How Patient Advocates Help Cancer Research

Last Updated: July 10, 2020

Research advocacy is a partnership between researchers and patient advocates and allows the patient experience to inform the process of cancer research. In this video, patient advocate Patty Spears explains how research advocates bring the patient perspective to the forefront.

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What is a Cancer Research Advocate?

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Cancer.Net: Doctor-Approved Patient Information from ASCO®

How Patient Advocates Help Cancer Research

Voiceover: Some cancer survivors and others whose lives have been touched by cancer become cancer advocates. There are many ways people can advocate on behalf of those with cancer, such as going with a loved one to a doctor's appointment, working to raise cancer awareness, and pushing for legislation on behalf of cancer survivors.

But research advocacy is a different type of advocacy, where advocates work directly with cancer researchers.

Patty Spears, Cancer Research Advocate; Member, American Society of Clinical Oncology: I think of it as being the patient voice or the patient experience in research. And so the point is to add urgency to research, and to add purpose, almost, and to make sure that the research is really focused on the patient in the end and that it really, in the end, will impact patients in a positive way whether patients live longer or live better. And so that's why I'm involved in the research advocacy part, working with researchers.

Voiceover:  Research advocacy is a partnership between researchers and advocates and allows the patient experience to inform the process of cancer research. Regardless of the research topic or area of research, research advocates are always bringing the patient perspective to the forefront.

Patty Spears:  I really believe in research going forward so we really need to train our researchers to communicate with the public. So I do a lot of talking with post-docs and graduate students about how to talk about their research to the public in a way that they can understand. I do a presentation on scientific jargon and how to make things simpler.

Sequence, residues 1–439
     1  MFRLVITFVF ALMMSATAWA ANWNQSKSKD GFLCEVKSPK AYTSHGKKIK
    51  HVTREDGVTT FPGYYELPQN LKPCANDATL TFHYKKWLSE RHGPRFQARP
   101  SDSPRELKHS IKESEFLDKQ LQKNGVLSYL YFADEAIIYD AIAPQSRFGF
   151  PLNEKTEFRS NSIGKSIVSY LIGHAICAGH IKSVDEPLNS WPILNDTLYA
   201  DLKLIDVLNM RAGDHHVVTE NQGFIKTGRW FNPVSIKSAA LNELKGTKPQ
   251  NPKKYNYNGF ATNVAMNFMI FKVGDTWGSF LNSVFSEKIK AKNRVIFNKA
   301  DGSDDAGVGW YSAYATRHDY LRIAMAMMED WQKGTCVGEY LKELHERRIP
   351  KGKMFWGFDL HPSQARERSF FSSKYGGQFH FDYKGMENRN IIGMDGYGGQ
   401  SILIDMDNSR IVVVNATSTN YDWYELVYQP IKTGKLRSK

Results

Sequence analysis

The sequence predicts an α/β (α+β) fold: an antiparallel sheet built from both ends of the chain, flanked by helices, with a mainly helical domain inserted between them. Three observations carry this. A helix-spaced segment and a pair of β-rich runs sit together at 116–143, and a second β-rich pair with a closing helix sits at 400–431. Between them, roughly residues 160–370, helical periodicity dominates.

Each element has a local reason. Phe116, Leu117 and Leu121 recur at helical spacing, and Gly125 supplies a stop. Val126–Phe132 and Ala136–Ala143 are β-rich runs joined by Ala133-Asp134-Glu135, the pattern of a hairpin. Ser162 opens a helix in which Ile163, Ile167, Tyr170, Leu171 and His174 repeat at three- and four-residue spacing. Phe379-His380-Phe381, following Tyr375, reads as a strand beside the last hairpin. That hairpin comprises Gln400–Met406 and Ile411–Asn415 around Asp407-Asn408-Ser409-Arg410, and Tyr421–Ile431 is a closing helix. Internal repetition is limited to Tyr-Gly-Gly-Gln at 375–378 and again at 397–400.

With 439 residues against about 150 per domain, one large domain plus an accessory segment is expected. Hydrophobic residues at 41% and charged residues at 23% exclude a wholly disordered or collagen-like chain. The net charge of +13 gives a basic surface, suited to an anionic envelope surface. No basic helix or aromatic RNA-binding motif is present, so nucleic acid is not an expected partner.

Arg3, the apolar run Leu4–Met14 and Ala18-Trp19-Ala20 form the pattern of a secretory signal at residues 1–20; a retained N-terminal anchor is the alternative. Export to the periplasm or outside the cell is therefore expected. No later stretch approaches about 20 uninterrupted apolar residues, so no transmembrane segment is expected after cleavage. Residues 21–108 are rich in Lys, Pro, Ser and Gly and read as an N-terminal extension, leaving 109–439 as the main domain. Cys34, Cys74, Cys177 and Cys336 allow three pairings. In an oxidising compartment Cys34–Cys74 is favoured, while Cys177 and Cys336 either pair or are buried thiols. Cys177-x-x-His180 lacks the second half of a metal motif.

And also in the realm of research, a lot of the research in this, kind of flows into-- when you start asking for funding for your research, you know, government funding is one thing, but also organizations and non-profits also fund research. And so if you go for a research grant at a non-profit, you might be asked to do a lay summary or a public summary. They need to be able to tell their donors what their money is going to. And also, a lot of times when you submit grant applications to organizations, advocates and patients do read those applications, and so if you are communicating with an advocate while you're writing it, they can help you write it in a way that you can really get your point across about the positive impact it might have in patient lives and how you can write that better.

Voiceover: Research advocates have played a key role in the area of clinical trials, helping to balance the science with patient concerns and needs, and ensuring that the issues that are important to patients are discussed and considered when clinical trials are developed and conducted.

Patty Spears:  So I also do a lot of research advocacy in the area of clinical trials. And that's one of my focuses recently because I really think that we can make an impact as patient advocates in that area, to make sure that the questions being asked are important to patients, and that during the clinical trials what we look at and what we measure is what matters to patients. And so I always say that when you do a clinical trial it is to get the best drug and the best treatment to patients, to improve the lives of patients. They need to live longer, or live better, or both hopefully. But sometimes when clinical trials are developed, it's such a “scientific question” type of thing that you lose sight of what you're really doing at the end.

So I work a lot with the researchers on clinical trials and looking at how they're set up and how they can reduce the burden to the patient, whether it's cost burden or toxicity burden and things like that. And also in getting the patient voice into clinical trials through questionnaires and patient-reported outcomes, so that you can hear directly from the patient during the clinical trial.

I think that's really, really important, because when you come to the end of the clinical trial, it's really important to have that information so you can give that to the future patients taking that that intervention.

Voiceover: To learn more about the role of a research advocate, visit ASCO's patient information website, Cancer.Net.

Patty Spears: One of the things about advocacy and cancer in general, is finding that place where you can find reliable information. And cancer advocacy and research advocacy is not really broadly known about, but ASCO's done a really good job on Cancer.Net. Whether it's through blog postings or interviews with people, and just reading up on it on the website, you'll find a lot of information online.

[Closing and Credits]

Cancer.Net: Doctor-Approved Patient Information from ASCO®

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